As long as there is no need to change the power converter's mode of operation at step 708, the process continues to generate control signals and perform power conversion in the normal mode. A mode change may be needed in various circumstances, such as when a fault develops in one or more of the switches 106a-106f, 206a-206f, 306a-306r, 407b in the power converter or when the power converter needs to engage in bidirectional power transfer.

If a mode change is needed, control signals are generated to deactivate the switches and to operate the additional switches in full-bridge mode at step 710. This could include, for example, the FPGA or other controller 120, 220, 320, 420 generating PWM control signals that turn off the switches 106a-106f, 206a-206f, 306a-306r, 407b. This could also include the FPGA or other controller 120, 220, 320, 420 generating PWM control signals for the additional switches 116a-116f, 216a-216f, 316a-3161, 326a-326f, 411b, 426. The additional switches are used to perform power conversion at step 712. This could include, for example, the additional switches 116a-116f, 216a-216f, 316a-3161, 326a-326f, 411b, 426 operating in conjunction with the diodes 108a-108f, 208a-208f, 308a-3081, 324a-324f, 411a, 424 to function as a full-bridge converter.

Again, as long as there is no need to change the power converter's mode of operation at step 714, the process continues to generate control signals and perform power conversion in the full-bridge mode. A mode change may be needed again in various circumstances, such as when any fault is resolved or when the power converter needs to engage in unidirectional power transfer. If the mode does change at step 714, the process returns to step 702 to operate the power converter in the normal mode of operation.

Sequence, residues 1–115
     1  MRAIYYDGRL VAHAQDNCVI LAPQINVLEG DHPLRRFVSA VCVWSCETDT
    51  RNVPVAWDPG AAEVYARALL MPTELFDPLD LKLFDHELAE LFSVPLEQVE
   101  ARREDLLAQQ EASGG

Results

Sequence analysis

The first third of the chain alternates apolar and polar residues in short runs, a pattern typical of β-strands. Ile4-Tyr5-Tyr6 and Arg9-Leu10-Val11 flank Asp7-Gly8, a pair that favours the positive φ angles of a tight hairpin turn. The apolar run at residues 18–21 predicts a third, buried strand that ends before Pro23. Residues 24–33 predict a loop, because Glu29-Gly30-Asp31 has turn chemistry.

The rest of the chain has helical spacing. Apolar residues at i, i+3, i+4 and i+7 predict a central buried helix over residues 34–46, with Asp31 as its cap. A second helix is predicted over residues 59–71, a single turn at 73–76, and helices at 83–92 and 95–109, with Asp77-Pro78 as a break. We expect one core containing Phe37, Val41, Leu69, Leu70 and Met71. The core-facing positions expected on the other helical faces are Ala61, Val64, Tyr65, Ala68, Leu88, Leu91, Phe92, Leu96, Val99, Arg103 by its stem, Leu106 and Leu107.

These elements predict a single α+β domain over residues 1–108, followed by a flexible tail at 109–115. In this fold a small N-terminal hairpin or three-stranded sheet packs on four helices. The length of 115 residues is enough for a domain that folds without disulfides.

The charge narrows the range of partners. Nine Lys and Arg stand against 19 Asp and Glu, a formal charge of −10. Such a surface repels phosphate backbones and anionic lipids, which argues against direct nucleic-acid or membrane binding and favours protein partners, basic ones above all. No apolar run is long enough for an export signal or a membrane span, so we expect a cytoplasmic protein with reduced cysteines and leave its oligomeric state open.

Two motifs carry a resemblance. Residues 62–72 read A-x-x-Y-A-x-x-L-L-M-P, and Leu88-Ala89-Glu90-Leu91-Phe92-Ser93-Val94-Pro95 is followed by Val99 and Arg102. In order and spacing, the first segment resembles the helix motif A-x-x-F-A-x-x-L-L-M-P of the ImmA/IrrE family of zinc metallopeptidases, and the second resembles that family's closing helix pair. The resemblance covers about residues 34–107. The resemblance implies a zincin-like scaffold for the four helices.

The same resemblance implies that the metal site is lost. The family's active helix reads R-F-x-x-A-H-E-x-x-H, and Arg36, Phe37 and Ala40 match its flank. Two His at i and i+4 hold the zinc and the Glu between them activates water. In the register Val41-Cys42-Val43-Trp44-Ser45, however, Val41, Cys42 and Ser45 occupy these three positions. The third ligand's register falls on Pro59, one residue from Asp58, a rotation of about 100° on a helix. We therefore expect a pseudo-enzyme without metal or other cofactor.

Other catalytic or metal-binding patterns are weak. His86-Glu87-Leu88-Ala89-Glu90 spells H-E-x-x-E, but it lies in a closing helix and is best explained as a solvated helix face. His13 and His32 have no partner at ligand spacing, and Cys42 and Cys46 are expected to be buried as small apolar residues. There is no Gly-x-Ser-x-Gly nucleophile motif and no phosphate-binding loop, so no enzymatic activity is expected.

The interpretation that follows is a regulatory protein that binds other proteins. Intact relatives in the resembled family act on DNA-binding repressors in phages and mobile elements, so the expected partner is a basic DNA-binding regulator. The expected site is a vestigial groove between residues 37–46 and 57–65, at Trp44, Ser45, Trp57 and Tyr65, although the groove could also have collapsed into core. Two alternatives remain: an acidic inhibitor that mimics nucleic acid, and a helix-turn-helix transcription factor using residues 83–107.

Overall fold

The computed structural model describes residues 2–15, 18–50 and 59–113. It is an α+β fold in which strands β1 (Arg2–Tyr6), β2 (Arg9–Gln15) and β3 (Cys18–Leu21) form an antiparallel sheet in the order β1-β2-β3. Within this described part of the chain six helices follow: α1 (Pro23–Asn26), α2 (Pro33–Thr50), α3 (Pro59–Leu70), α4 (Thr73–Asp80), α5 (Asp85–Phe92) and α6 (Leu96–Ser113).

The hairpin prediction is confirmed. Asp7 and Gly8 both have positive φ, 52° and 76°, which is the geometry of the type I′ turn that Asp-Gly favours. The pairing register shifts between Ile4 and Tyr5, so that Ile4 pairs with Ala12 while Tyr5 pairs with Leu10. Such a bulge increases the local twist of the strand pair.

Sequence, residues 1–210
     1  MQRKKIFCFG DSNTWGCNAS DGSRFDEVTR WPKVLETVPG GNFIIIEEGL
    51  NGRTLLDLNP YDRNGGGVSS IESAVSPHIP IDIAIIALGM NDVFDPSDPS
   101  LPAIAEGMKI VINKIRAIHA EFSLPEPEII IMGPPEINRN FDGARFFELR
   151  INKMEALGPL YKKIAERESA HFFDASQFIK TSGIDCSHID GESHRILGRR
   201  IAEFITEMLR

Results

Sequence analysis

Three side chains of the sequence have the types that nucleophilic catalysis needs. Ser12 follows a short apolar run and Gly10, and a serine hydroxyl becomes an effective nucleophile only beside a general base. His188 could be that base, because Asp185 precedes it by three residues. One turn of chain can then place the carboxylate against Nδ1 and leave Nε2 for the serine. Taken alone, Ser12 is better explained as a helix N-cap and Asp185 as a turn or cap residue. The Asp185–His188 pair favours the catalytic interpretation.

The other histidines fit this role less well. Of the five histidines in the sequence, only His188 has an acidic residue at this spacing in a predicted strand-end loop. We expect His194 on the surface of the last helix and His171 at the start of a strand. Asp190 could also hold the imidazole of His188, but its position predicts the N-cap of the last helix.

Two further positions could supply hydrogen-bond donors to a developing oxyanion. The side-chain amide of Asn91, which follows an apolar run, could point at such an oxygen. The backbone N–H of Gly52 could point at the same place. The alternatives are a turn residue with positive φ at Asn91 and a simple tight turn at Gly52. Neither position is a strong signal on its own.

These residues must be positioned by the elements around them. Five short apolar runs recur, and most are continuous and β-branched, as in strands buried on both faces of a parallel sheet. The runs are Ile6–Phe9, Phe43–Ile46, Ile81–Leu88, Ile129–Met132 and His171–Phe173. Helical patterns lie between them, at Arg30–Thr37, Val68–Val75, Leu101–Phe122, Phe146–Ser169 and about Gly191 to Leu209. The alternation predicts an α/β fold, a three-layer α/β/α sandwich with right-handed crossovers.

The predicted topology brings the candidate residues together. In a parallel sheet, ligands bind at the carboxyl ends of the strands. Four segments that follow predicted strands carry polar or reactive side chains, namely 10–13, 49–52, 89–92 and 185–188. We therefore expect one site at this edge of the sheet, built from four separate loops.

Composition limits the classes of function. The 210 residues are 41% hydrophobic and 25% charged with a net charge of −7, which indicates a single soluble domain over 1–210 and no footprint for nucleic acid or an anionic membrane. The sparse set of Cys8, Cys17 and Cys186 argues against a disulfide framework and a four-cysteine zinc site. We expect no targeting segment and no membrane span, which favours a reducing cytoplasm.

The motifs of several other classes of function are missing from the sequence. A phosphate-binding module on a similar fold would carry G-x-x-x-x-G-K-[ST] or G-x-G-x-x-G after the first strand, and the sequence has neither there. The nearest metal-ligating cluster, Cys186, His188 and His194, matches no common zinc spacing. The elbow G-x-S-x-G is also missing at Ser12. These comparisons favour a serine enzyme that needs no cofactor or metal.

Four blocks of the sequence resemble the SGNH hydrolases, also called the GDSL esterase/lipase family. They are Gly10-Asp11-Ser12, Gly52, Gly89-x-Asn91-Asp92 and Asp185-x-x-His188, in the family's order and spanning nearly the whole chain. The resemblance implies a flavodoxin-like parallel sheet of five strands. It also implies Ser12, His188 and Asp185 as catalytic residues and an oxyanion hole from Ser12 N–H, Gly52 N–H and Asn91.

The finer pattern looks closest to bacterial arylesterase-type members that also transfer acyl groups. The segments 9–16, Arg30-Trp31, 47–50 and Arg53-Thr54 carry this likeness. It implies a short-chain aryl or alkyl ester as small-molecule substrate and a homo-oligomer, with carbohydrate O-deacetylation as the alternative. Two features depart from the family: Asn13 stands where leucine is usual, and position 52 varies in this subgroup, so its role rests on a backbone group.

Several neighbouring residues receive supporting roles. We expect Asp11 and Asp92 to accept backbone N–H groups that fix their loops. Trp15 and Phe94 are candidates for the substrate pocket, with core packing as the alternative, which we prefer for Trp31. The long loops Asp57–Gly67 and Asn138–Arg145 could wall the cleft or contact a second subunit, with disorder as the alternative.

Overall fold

Although FIG. 7 illustrates one example of a method 700 for adaptive power conversion using a power converter, various changes may be made to FIG. 7. For example, while shown as a series of steps, various steps in FIG. 7 could overlap, occur in parallel, occur in a different order, or occur any number of times.

FIG. 8 illustrates an example method 800 for adaptive power conversion using a power converter with multiple converter modules according to this disclosure. For ease of explanation, the method 800 is described as being implemented using one of the topologies 500 and 600 described above. However, the method 800 could be used with any suitable power converter topology.